With all the recent publicity surrounding breast implants, how is a woman who has breast implants best advised?
The first point is to establish for how long she has had the implants, are they textured or smooth-walled, silicone or saline filled, in front of or behind the muscle.
Note that smooth-walled saline implants are the safest of all and have not been associated with any recall.
Patients with smooth-walled silicone implants do have the possibility of developing symptoms known as Breast Implant Illness and we have a questionnaire in order to assess the severity of their symptoms.
If the implants are smooth-walled then there is no risk of Anaplastic Large Cell Lymphoma (ALCL).
If however the implants are textured then the degree of risk depends on the degree of texture. Basically the more textured the implant then the greater the risk.
The implants with the most texture are the implants manufactured by Allergan and also the polyurethane covered implants (known as the furry Brazilian). Implants with the least texture are the implants manufactured by Mentor.
The difference is that the implants with a course texture have a 1:1000 risk of ALCL whereas the implants with the fine texture have only a 1:80,000 risk.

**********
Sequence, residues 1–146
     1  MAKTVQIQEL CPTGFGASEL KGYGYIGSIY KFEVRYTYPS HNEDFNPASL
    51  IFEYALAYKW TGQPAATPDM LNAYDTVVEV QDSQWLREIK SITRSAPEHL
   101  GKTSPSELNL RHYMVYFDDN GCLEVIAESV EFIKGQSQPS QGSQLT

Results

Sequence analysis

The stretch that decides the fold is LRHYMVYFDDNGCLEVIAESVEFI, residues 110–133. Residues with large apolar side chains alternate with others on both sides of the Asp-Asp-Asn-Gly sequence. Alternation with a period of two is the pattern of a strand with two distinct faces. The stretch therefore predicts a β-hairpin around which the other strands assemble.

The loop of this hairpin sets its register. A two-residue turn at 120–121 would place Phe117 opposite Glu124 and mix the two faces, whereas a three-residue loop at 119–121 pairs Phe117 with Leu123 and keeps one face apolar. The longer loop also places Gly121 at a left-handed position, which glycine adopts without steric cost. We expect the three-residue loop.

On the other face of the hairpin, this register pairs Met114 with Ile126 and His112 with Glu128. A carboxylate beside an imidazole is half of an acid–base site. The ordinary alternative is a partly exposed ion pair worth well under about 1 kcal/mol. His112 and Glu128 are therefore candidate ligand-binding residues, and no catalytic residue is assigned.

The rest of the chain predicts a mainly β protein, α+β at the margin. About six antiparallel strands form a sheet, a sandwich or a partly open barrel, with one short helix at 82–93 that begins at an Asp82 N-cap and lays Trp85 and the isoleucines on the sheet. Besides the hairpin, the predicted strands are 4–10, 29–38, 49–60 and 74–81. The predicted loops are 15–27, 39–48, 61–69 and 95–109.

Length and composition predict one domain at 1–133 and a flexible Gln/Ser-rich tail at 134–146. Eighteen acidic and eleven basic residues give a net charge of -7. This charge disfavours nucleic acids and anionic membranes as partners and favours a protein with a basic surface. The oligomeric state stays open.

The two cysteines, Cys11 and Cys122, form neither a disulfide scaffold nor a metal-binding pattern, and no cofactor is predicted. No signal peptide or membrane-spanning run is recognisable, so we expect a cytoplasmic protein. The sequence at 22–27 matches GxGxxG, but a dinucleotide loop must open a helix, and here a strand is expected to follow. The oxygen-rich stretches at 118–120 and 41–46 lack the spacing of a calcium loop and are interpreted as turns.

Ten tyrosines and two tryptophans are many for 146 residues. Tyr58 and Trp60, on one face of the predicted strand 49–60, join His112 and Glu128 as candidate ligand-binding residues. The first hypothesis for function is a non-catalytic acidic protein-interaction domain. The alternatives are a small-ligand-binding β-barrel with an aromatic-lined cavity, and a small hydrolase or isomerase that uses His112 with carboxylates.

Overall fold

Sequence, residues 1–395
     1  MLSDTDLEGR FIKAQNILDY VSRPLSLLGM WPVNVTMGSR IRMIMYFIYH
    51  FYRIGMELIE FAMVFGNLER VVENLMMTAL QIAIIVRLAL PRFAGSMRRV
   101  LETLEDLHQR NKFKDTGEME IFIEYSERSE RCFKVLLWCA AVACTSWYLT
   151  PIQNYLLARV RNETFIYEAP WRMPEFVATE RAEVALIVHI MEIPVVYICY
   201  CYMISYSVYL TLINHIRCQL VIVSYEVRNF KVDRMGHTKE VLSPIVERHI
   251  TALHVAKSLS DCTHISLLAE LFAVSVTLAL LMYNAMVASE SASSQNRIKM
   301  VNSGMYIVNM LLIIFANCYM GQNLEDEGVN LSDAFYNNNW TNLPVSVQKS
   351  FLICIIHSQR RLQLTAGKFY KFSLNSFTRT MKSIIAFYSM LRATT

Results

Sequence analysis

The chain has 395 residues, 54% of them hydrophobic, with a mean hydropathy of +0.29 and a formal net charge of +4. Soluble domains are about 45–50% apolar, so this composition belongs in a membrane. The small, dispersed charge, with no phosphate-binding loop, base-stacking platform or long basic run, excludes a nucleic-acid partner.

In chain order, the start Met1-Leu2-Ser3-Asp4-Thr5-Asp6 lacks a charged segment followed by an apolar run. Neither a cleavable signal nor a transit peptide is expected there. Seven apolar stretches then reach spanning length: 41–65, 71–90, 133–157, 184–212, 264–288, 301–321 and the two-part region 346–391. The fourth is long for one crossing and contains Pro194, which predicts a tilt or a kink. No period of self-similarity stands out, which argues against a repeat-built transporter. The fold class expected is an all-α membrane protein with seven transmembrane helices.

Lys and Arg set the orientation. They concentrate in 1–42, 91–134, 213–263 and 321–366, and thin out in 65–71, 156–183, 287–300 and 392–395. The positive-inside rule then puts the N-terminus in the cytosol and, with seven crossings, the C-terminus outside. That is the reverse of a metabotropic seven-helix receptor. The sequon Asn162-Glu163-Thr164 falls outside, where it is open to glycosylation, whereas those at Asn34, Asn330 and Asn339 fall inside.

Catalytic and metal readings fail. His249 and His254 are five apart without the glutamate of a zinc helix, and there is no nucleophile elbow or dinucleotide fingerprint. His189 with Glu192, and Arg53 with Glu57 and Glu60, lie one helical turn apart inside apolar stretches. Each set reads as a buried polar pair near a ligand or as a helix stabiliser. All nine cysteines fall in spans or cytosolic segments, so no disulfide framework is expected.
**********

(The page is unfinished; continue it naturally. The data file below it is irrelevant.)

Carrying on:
So the problem is how do we advise patients who have a macro textured implant when we know that there is 1:1000 risk of developing Anaplastic Large Cell Lymphoma.
Currently both the TGA and the Australian Society of Plastic Surgeons are advising patients not to panic but to see their surgeon if they have any concerns.
Of relevance is the fact that the average time to development of ALCL is 8 years. Although at least 1 case has developed after only 2 years.
So basically it depends on the patient’s tolerance of risk. On the basis of our current information, it would seem reasonable to suggest replacement of these implants prior to 8 years.
The realty is, however, would you recommend a person get on an aeroplane when we know that there is a 1:1000 chance that the plane will crash.
This risk is actually too high for comfort and so the best approach is to advise patients that there is no rush but they should plan for removal and replacement of these macro textured implants in the near future. It would be terrible to advise that there was no need for removal and for the woman to then develop ALCL.
The operative plan would consist first of removal of the implants and subsequent choice about what further surgery is required or desired.
For many patients only removal of the implants is required.
Some will desire or require a breast lift (or auto augmentation).
Some will desire a slight augmentation especially of the cleavage and upper pole by autologous fat transfer.
Some may require or desire maintenance of a higher volume which will entail a new implant.
In this case we would recommend a smooth-walled saline implant placed behind the muscle as this has the best proven safety record and these implants usually last well over 20 years without any ill effects.
Some patients may require a Hybrid procedure.
For more information visit Removal and Replacement of Implants